Overall, the 2011s are about a percent lower in alcohol than is the norm. The wines are more savory and floral than readers are used to these days, with medium-bodied structures and generally less fat. I expect most 2011s to mature relatively early. Winemakers took basically one of two approaches. The first was to try to make the 2011s look like other vintages by fattening the wines up as much as possible with the techniques described above. The best wines made in that style are hugely successful. Other producers opted to let the mid-weight structure of the year come through a bit more naturally. Here, too, the best wines are beautiful. In short, there were no rights and wrongs; rather it is the quality of terroirs and the pure skill of winemakers that define the 2011 vintage.


Above: Tasting the 2011s 2012s at Joseph Phelps, fall 2013

2012 Vintage: Living up to the Hype?

Excitement was rampant in Napa Valley last year. I spent quite a bit of time last September looking at the vineyards just before the harvest, always the best time to see who has done what. Two things were clear; on average yields were high, but more than that, they were also incredibly variable from producer to producer, even within the same vineyard. It is easy to understand why yields were high. After two very short years in 2010 and 2011, growers wanted to recoup their losses. Some succumbed to temptation and simply left too much crop on the vines. It was an easy mistake to make given near perfect conditions in September and October that were punctuated by a brief spell or two of heat. Other growers were more diligent and cropped a bit more severely. Even so, the vines wanted to be productive. One of the results of the large crop was an unexpected shortage of tank capacity. With fruit needing to come off, smaller wineries found themselves scrambling to find tank space the last minute, which is obviously far from optimal.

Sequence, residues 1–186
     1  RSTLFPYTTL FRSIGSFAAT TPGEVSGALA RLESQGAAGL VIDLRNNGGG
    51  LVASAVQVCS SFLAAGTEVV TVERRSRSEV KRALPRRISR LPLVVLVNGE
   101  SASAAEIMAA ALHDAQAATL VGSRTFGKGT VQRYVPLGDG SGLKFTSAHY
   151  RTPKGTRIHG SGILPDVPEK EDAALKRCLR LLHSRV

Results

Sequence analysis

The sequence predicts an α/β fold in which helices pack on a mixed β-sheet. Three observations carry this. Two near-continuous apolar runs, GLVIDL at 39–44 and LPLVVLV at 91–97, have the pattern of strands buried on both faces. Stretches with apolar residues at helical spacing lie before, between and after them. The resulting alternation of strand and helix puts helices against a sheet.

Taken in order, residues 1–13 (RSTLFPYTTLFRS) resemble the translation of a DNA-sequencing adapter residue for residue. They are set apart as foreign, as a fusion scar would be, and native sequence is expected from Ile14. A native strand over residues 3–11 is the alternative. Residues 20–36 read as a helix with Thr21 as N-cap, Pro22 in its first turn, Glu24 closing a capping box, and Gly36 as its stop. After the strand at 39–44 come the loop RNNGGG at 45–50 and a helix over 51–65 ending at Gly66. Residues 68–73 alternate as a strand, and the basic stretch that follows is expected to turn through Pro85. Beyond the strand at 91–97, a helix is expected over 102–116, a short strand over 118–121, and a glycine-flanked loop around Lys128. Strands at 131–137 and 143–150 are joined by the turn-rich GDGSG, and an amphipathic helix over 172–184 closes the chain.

Given the wide range of crop loads throughout the valley it is hardly a surprise that the wines are also variable. Fermentations were longer than normal, in some cases much longer. I heard of stuck fermentations, lack of concentration, problems with lack of color and other technical issues of various degrees.

Readers who want to learn more about 2012 might enjoy the videos I shot during the harvest at Blankiet, Colgin, Dana, Kapcsandy and Screaming Eagle along with a  series of videos we shot at Abreu, Blankiet, Bryant, Dalla Valle, Kapcsandy, Larkmead, Outpost, Ovid, Shafer and Vine Hill Ranch.


Above: tasting the 2012s at Outpost, March 2013

I tasted all of the 2012s in this article in three weeks between late September and mid-October, as is my custom. In the past, I have found this a good time to taste, but not this time. Because of the protracted alcoholic and malolactic fermentations, many wines were raw and unpolished. Many producers showed just preliminary blends, while others hadn’t even started working on their blends. Both 2010 and 2011 were easier to taste at this stage in the game, but the 2012s remain unpolished and in need of more time in barrel.

We won’t know the quality of 2012 until the wines are in bottle, but I expect to see significant variation in quality. The reason it is harder to be more precise at this stage is because blending is such a critical component in determining the quality of wines. At the top estates, wines are shaping up to be beautiful, but they usually are. Those wines also represent a drop in the bucket. For now, the best approach to 2012 is cautious optimism.

2013 Vintage: Early Observations